http://www.wescomfg.com/hydstack.htm
It's great for lifting, moving and positioning heavy machine parts, jacking up and working on the garden tractor, raising the log splitter to a comfortable working height, welding either sitting or standing, bandsawing long heavy stock or structural steel, hanging weldments for painting, fixing the washing machine, and so on.
I made larger & wider stainless steel wheels with welding-rod needle bearings for it so it will roll around the yard easily. The stock ones are useless on dirt. It could use outriggers at the caster end for stability but it's OK with wooden blocks kicked underneath the uprights.
If the platform is at the top I can load it into the pickup truck by myself by tipping it back so the handle rests on the tailgate, then raising the wheel end and sliding it in. I put pins at the top of the rails to stop the platform from sliding off when it's horizontal.
jw
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snipped-for-privacy@segway.com wrote:

I got lucky and got a 3,000# Yale stand-up riding forklift with a nearly new battery for $300. I just had to track down a 24v charger for it and ended up getting a basic 10a charger for like $60.
Pete C.
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On 11 Aug 2005 15:20:35 -0700, snipped-for-privacy@segway.com wrote:

Mine wont pump up, and when I help it, it bleeds off quickly. Did you do it yourself or have it done?
Gunner
The two highest achievements of the human mind are the twin concepts of "loyalty" and "duty." Whenever these twin concepts fall into disrepute -- get out of there fast! You may possibly save yourself, but it is too late to save that society. It is doomed. " Lazarus Long
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Recutting the valve seats takes a special tool, something like a faucet seat cutter but conical. I generally disassemble and clean hydraulics and take them to one of several small local shops who are willing to fix the valves, order new seals and tell me any special reassembly tricks. I think they are too busy with commercial rush jobs to want to completely rebuild old stuff for hobbyists.
jw
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On Fri, 12 Aug 2005 07:26:48 GMT, Gunner

Hi Gunner,
My Dad fixed one by using a small worm-gear hand winch and by adding a wire pulley to the top where the chain pulley is.
It isn't the fastest in the world and it wouldn't hold up in everyday use, but it beats throwing ones back out :)
--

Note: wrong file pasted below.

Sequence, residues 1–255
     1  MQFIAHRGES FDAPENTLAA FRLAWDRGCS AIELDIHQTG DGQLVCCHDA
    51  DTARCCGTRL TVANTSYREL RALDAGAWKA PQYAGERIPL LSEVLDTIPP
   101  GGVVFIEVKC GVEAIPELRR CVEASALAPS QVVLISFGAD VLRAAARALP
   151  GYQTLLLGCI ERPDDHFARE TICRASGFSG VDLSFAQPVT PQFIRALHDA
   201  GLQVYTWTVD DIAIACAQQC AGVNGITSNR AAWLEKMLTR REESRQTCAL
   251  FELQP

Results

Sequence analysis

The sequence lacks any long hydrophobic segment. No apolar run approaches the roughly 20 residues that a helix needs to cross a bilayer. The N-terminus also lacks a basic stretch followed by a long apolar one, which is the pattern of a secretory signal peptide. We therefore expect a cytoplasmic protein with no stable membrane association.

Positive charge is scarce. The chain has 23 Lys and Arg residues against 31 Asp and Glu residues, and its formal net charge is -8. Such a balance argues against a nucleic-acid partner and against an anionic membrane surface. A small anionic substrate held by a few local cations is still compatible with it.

Leon Fisk
Grand Rapids MI/Zone 5b
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On Sat, 13 Aug 2005 09:17:39 -0400, Leon Fisk

Interesting idea, but Id just as soon fix this one. Its out in the Stacks of Stuff and Ive not been able to do much with it in the little time Ive had.
Gunner
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On Sat, 13 Aug 2005 18:01:12 GMT, Gunner

Hi Gunner,
It is an easy fix and easily reversible. It will also free up the bad parts (you can remove them) so they can be fixed properly. You might even have a small worm-drive winch laying about ;-)
Just make sure you use a worm-drive or something that has a means to control and brake your lift/load.
--
Leon Fisk
Grand Rapids MI/Zone 5b
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Only those that don't live in the "real world". I ran my (commercial) machine shop without a horizontal mill for 16 years and turned out a huge variety of work, including a considerable amount of tooling. I couldn't have done most of the work on a horizontal------nor on a non-drop-spindle vertical mill. I've always owned Bridgeports, but only because of economics. Had I been wealthy, I'd have filled my shop with Gorton mills.
Don't misunderstand. There are things you can do with a horizontal that are impossible on a vertical, but the vast majority of the work out there doesn't require one, and may not benefit from the use of one.
One place a horizontal leaves a drop spindle mill in the dust is in metal removal. For those that have never witnessed a serious horizontal mill running a large side or slab cutter, the metal removal rate is almost frightening. You'd swear there's no way in hell the machine could stand up to the task, but they do, and easily.
Harold